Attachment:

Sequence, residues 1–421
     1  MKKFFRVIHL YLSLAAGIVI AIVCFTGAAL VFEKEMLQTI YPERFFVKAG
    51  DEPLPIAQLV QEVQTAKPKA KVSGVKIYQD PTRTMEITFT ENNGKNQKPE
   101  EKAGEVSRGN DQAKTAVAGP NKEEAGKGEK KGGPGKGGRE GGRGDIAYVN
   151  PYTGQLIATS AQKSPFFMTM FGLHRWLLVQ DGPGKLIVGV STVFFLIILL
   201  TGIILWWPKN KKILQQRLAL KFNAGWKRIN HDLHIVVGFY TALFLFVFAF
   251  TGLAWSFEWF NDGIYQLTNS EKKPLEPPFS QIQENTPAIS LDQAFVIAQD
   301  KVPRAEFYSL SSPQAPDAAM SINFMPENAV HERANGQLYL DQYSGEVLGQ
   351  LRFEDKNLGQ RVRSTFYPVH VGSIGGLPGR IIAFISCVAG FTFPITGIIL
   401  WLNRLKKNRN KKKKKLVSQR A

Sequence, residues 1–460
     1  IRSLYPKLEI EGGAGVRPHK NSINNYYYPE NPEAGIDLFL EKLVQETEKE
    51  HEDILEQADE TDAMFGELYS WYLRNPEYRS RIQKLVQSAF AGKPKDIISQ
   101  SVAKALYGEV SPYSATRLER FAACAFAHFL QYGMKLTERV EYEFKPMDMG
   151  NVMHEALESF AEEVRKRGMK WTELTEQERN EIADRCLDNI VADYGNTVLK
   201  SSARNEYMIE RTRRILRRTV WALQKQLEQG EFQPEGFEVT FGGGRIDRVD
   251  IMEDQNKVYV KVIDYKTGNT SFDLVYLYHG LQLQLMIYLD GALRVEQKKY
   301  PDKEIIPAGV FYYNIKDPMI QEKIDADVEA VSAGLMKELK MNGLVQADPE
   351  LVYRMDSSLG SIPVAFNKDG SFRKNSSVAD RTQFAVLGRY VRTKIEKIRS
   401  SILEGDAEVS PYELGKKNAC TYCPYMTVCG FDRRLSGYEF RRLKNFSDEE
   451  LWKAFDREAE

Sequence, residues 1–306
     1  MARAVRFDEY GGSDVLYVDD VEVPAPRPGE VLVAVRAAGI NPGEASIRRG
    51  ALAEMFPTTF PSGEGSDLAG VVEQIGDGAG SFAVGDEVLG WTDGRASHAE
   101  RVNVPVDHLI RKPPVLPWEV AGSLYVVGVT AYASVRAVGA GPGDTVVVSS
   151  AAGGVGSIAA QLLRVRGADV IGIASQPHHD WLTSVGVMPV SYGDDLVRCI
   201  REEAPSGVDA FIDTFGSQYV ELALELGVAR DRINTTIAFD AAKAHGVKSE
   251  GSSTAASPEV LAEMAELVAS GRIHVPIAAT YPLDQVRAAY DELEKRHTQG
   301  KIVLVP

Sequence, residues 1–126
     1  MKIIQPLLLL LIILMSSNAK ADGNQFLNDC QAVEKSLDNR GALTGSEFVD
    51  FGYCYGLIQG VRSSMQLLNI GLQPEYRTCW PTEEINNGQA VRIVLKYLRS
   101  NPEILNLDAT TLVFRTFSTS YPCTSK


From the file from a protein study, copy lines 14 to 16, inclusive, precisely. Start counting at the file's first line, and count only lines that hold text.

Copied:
   101  SVAKALYGEV SPYSATRLER FAACAFAHFL QYGMKLTERV EYEFKPMDMG
   151  NVMHEALESF AEEVRKRGMK WTELTEQERN EIADRCLDNI VADYGNTVLK
   201  SSARNEYMIE RTRRILRRTV WALQKQLEQG EFQPEGFEVT FGGGRIDRVD